Archive Page 2

04
Nov
11

Google Changes Algo! Film at Eleven!

And here we go again! Let the whiners whine, the criers cry, the complainers complain, and the smart adapt. Yep, it’s another Google algorithm “tweak.” We’re not sure what they’re calling this one, but we have a few suggestions.

  • The Caffeinated Panda Update
  • The Fresh to the Last Drop Tweakage
  • That Fresh Feeling
  • Flak Friday Freakout
  • The New Gnu Knew News Minor Modification to an Existing Platform Remodel

Okay, now that we got that out of our system, what’s THIS algo update mean? Well, as far as we can tell, it’s Google’s way of addressing the competition from Facebook and Twitter, where you are delivered the latest immediate updated news constantly. (Which is ever so much better, especially if what you call “news” is the most recent brain fart of somebody you barely know and hardly care about and won’t read anyway.)

Freshness is what they call it.

For about 35% of all searches, Google’s new algo will supposedly promote “newer” (or “fresher,”  if you prefer) content above “older” (or “staler”) content. What could possibly go wrong?

Well, try a search for “Madonna” and see how deep you have to go find a classic painting or anything else about the Virgin Mary.  Try “tea party” and hunt for anything historical about Boston or literary about Alice.

Kidding! (Mostly!) Actually, this tweak might turn out okay. A lot of search happens to be current events and pop culture related. For those things, freshness matters.

For more on the Great Google Algo Tweak of Fall/2011

Google Search Algorithm Change For Freshness To Impact 35% Of Searches

Google updates search results to account for real world events

Google improves search results


Google freshens up search engine


Google Changes Search Algorithm, Trying to Make Results More Timely


New, “fresher” Google rankings affect 35% of searches


Google Tweaks Algorithm for Freshness

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28
Oct
11

This just in…

Google Says SEO Is Not Spam

04
Oct
11

Content for the Sake of Content… or?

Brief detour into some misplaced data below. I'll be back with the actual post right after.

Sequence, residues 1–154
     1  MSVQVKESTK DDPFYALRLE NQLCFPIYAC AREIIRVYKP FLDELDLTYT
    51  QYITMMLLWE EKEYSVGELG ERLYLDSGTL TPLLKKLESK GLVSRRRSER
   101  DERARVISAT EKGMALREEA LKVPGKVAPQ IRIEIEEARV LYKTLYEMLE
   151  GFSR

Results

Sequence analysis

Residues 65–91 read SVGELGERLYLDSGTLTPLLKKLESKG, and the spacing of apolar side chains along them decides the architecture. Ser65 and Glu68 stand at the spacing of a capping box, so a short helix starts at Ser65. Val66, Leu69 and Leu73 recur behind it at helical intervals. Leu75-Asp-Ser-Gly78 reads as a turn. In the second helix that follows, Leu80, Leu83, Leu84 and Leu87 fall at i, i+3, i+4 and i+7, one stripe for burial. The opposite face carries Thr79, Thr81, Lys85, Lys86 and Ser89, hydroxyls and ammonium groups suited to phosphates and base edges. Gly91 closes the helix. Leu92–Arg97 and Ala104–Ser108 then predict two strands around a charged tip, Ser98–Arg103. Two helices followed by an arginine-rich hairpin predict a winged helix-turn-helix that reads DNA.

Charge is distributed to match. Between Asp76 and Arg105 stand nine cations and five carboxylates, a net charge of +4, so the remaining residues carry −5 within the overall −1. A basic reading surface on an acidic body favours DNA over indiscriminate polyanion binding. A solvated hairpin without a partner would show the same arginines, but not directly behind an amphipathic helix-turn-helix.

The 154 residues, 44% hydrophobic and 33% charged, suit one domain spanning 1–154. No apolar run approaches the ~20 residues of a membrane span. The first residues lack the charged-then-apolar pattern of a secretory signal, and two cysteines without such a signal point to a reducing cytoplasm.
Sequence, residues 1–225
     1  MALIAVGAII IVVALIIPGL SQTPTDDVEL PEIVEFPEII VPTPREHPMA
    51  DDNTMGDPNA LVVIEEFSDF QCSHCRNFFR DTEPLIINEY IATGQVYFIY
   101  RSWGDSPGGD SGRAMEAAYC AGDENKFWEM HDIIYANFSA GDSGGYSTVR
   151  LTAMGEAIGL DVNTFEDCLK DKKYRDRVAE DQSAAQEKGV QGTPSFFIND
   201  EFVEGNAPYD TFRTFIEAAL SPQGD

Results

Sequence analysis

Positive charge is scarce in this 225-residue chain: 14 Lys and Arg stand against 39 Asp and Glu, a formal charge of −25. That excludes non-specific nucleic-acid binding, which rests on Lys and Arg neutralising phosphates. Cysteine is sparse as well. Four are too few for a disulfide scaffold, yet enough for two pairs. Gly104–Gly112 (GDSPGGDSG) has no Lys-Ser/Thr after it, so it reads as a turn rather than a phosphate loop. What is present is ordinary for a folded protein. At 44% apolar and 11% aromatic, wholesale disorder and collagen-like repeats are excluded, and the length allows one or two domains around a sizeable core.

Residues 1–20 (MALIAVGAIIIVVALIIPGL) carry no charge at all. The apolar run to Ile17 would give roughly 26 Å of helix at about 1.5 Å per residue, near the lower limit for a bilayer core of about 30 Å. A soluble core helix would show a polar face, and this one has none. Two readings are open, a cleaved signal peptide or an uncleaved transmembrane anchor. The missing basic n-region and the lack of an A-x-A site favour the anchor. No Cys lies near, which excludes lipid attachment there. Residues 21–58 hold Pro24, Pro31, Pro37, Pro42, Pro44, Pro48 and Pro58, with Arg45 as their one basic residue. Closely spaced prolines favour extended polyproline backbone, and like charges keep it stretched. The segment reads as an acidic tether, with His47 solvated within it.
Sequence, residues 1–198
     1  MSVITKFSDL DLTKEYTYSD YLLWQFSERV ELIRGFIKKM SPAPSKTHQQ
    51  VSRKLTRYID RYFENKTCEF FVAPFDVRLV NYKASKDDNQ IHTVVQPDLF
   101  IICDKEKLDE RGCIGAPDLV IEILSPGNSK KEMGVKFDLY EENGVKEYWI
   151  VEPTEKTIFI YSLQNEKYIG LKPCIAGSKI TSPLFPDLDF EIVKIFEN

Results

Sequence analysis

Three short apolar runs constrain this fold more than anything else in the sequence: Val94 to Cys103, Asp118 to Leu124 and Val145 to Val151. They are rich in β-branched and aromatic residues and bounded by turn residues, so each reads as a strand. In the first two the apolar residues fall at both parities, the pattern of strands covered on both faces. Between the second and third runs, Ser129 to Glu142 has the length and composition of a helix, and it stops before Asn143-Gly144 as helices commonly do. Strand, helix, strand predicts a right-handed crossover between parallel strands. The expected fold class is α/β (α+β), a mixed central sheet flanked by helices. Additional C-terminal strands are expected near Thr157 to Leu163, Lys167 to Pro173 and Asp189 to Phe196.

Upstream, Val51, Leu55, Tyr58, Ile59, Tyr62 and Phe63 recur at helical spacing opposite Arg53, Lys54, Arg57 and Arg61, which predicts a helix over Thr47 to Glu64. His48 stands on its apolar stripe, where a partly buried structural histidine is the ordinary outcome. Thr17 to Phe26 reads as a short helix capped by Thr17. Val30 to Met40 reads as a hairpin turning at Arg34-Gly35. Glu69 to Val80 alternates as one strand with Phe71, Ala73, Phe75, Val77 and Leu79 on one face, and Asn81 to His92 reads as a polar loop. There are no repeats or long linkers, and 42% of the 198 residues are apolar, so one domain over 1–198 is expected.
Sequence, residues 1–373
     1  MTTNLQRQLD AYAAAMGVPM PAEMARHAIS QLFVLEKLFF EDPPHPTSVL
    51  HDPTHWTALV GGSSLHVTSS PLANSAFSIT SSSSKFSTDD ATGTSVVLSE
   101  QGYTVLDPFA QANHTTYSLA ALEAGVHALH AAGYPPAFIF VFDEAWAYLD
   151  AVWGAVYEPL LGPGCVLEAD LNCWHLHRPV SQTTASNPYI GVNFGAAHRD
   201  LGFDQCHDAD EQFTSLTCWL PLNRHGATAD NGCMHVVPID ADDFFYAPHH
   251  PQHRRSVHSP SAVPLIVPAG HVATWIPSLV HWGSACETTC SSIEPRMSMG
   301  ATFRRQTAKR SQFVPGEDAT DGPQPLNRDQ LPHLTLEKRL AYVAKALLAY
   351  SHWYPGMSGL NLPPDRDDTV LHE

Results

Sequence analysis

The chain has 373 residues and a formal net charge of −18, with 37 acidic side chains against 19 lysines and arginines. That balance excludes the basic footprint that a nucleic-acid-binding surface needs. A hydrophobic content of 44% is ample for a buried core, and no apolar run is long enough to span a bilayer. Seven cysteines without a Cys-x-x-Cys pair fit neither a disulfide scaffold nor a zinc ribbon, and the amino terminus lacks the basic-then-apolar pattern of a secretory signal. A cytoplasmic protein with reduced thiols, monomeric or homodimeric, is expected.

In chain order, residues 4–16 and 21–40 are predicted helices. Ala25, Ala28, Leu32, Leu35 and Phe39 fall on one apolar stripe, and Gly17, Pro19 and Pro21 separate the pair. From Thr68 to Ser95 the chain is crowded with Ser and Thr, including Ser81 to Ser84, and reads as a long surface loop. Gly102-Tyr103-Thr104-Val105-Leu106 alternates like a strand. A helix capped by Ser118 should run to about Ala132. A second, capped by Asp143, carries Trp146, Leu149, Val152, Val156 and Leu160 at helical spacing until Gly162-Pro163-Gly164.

Content, content, content. Blah, blah, blah. That’s all you hear in SEO circles these days. Content content content content.

Well, then, let’s all just get us some of that! Lots and lots of it.

Um, okay, what if we wrote every damn thing we could think of when we launched the site two years ago? Now what? Just make some stuff up? But that’s not likely to lead to quality content, which is the where the trouble starts.

Say I’m an entertainment news site. No problem! Content just sort of oozes up out of the ground around us. How about a site selling seasonal stuff? Great! Just pick a holiday and roll with it. But just imagine for moment that your site is more like a yellow pages ad, three pages and a contact form. Maybe you’re a roofing company in an area with lots of competition. You want to—you really need to—show up at the top of the local search for “roofers.”

Is content the right tactic?

And if it is, just what the hell are you supposed to write about?

Let’s break it down.

Sites that absolutely need to worry about a continuous stream of high-quality content:

  • Wide-market websites in competitive topic spaces (non-geographical retailers, b-to-b businesses, or sites that are advertising-supported like recipe sites, magazines, or comparison shopping)
  • Sites in rapidly evolving topic spaces (news sites, product review sites, entertainment sites)
  • Sites in high-energy topic spaces (culture sites, fashion sites, music sites, porn sites)

Sites that maybe could benefit from a regular injection of quality content:

  • Informational sites (how-to sites, encyclopedic sites, data collections, historical sites, public domain arts & literature sites)
  • Non-profit membership-supported sites (clubs and organizations, large extended family groups, cause-related sites, political sites)
  • Sites based on repeat consumers of the same content (online games sites)

Sites that probably don’t need to worry about content once they’re up (although adding quality content can never hurt)

  • Local-only sites (restaurants, shops, professional service providers, health & medical services providers, legal service providers, personal services providers)
  • Single topic sites (individual person in-memorium sites, single-issue awareness sites, sites dedicated to permanent locations like historic architecture or unique geographic areas, specific item enthusiast sites like for a single model of classic automobile)
  • Sites not particularly concerned about search traffic (small family sites, advertising landing page sites, intranet-type sites)

If you are one of the last group, but you still want to add content, and you need help thinking of ideas, here ya go. You’re welcome.

  • Solicit reviews and recommendations from your clients and customers. Use attractive images to fill space and try to make as many pages as is reasonable.